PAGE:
Meaning of vituperation in English:


See synonyms for vituperation

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mass noun
  • Bitter and abusive language.

    ‘no one else attracted such vituperation from him’
    • ‘It is rather sad, therefore, to hear the principal propagandists, and the spokesperson of this administration, reverting to denigration, vituperation, slander and assassination of the character of the Father of the Nation.’
    • ‘Let them be shielded from the shafts of malice, and protected against the venom of personal vituperation.’
    • ‘When people argue, they often resort to vituperation and insults.’
    • ‘Anyone who defies or dares to challenge them is subject to the most awful abuse and vituperation, all of it personal, racist and ideological.’
    • ‘He'll stutter and splutter, and you can follow up with a series of insults steadily escalating in vituperation and profanity.’
    • ‘Both had a well-developed line in personal abuse and vituperation.’
    • ‘I look forward to more of Jones's vituperation!’
    • ‘It seems ludicrous that they have been hung out to dry with such vituperation when in fact they are both dutifully fulfilling the only remaining important royal function there is.’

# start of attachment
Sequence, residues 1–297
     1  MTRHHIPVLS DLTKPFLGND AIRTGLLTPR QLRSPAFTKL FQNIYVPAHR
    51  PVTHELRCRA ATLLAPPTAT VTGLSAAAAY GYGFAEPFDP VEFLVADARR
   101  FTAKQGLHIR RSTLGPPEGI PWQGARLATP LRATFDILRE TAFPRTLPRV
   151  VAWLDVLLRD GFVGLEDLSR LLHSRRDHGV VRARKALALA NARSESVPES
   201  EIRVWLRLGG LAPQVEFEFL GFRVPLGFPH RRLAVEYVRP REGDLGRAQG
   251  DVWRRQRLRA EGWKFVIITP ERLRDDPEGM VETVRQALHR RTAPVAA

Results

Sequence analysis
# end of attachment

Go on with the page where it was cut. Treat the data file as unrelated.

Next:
• ‘And writing of ‘rookie journalists’ smacks of using vituperation because logical argument is unavailable.’
    • ‘Have our three authors resorted to vituperation then?’
    • ‘Bombard the offices of those Senators with your views, and back up your objections with hard data rather than vituperation.’
    • ‘Even to ask the question is to invite vituperation.’
    • ‘Our parliament is probably no more boring than any other, although we could do with a bit more passion, vituperation and maybe even some mace swinging.’
    • ‘One cannot imagine such crisp vituperation disgorging from the lips of a seemingly unflappable person.’
    • ‘With her pupils dilated to blackness, and spitting vituperation in all directions, the very last thing she seems is sane.’
    • ‘The rest of his vituperation was aimed at the State Department, or ‘state’ as he called it.’
    • ‘You can forget the vows of both parties to forego vituperation in campaigning.’
    • ‘The vituperation and neglect I and the bulk of my fellow modern artists suffer was also the lot of Van Gogh.’
    • ‘Whenever a voice was raised in behalf of deliberation and the recognized maxims of statesmanship, it was howled down in a storm of vituperation and cant.’
    revilement, invective, condemnation, castigation, chastisement, opprobrium, rebuke, scolding, criticism, flak, disapprobation, fault-finding
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/vʌɪˌtjuːpəˈreɪʃən/ /vɪˌtjuːpəˈreɪʃən/


Middle English from Old French or Latin, from Latin vituperat- ‘censured, disparaged’, from the verb vituperare, from vitium ‘fault’ + parare ‘prepare’.